Preliminary Assessment of Dietary Mannanoligosaccharides on Growth Performance and Health Status of Gilthead Seabream Sparus auratus

Gultepe N., Hisar O., Salnur S., Hossu B., Tanrikul T. T., Aydin S.

JOURNAL OF AQUATIC ANIMAL HEALTH, vol.24, no.1, pp.37-42, 2012 (SCI-Expanded) identifier identifier identifier

  • Publication Type: Article / Article
  • Volume: 24 Issue: 1
  • Publication Date: 2012
  • Doi Number: 10.1080/08997659.2012.668508
  • Journal Indexes: Science Citation Index Expanded (SCI-EXPANDED), Scopus
  • Page Numbers: pp.37-42
  • Çanakkale Onsekiz Mart University Affiliated: No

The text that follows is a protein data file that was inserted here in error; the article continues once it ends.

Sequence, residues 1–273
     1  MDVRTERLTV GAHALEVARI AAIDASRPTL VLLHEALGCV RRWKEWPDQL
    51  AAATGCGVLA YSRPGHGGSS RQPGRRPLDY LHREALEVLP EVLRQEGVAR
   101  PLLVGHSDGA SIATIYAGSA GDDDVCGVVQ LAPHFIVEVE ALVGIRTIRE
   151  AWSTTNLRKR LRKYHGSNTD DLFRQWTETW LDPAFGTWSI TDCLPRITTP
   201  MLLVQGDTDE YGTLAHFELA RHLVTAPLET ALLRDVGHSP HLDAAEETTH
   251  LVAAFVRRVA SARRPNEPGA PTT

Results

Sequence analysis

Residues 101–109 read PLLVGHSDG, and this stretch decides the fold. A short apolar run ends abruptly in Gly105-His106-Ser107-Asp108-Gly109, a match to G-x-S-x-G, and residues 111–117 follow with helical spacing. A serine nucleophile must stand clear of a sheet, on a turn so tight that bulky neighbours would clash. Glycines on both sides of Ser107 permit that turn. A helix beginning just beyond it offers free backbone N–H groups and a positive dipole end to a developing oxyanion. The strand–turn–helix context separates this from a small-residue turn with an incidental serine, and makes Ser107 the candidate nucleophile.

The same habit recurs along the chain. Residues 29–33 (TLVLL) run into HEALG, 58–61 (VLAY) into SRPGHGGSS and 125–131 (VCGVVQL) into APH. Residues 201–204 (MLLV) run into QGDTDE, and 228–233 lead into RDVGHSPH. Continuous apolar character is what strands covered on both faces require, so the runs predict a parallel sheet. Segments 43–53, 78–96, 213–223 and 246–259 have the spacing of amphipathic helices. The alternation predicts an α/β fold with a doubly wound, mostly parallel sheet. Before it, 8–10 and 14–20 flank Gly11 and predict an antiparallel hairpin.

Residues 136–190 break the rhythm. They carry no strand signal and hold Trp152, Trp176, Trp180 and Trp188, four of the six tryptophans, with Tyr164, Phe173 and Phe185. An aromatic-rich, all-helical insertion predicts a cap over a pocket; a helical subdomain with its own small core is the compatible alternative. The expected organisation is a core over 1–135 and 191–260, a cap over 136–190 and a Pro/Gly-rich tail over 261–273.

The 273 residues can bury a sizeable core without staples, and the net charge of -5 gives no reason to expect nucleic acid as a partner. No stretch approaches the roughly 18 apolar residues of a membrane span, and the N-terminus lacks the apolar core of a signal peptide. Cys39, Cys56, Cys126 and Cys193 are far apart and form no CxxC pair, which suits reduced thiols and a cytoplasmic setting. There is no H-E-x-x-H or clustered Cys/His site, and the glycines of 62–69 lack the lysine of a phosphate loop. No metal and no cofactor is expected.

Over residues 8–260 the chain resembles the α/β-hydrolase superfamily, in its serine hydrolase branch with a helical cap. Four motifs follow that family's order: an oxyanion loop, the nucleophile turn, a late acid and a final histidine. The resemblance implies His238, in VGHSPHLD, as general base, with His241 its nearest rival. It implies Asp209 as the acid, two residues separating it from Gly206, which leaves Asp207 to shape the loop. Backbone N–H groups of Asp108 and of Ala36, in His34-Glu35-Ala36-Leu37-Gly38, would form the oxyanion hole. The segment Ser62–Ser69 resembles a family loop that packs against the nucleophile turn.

A feeding trial was performed to assess the potential beneficial effect of two levels of mannanoligosaccarides (MOS) on the growth performance, feed utilization, hematological parameters, and liver histopathology of gilthead seabream Sparus auratus (also known as gilthead bream). Mannanoligosaccarides were added at the rates of 2 and 4 g/kg to a fish-meal-based control diet, and each diet was given (twice daily [midmorning and midafternoon] to apparent satiation) to triplicate groups of gilthead seabream growers (mean weight = approximately 170 g) in sea cages. The trial lasted 12 weeks, and the average ambient water temperature ranged from 19.6 degrees C to 24.7 degrees C during the experimental period. At the end of the experiment, fish attained market size (350-450 g) and their health status was evaluated by blood analysis and liver histology. There were no differences in survival rates among fish fed experimental diets. However, there were significant improvements in both growth and feed utilization among fish fed diets supplemented with MOS. Hemoglobin (Hb) and hematocrit (Ht) levels and erythrocyte, leukocyte, and thrombocyte (Thr) counts were unaffected by any dietary MOS. The levels of Hb (g/dL; mean +/- SD) and Ht (%; mean +/- SD) were 11.0 +/- 2.5 and 45.6 +/- 6.7 for the control group, 11.1 +/- 1.7 and 39.3 +/- 8.0 for the 2-g/kg group, and 11.2 +/- 1.9 and 40.2 +/- 8.4 for the 4-g/kg group. The mean Thr count ranged from 47.6 to 53.8 x 10(3)/mm(3). Despite the apparently higher Thr counts for fish fed diets supplemented with MOS, these differences were not significant. Moreover, no histopathological differences were observed in liver tissue cross sections between control and treatment groups. These results suggest that supplementation of diets with MOS had no significant effects on general fish health.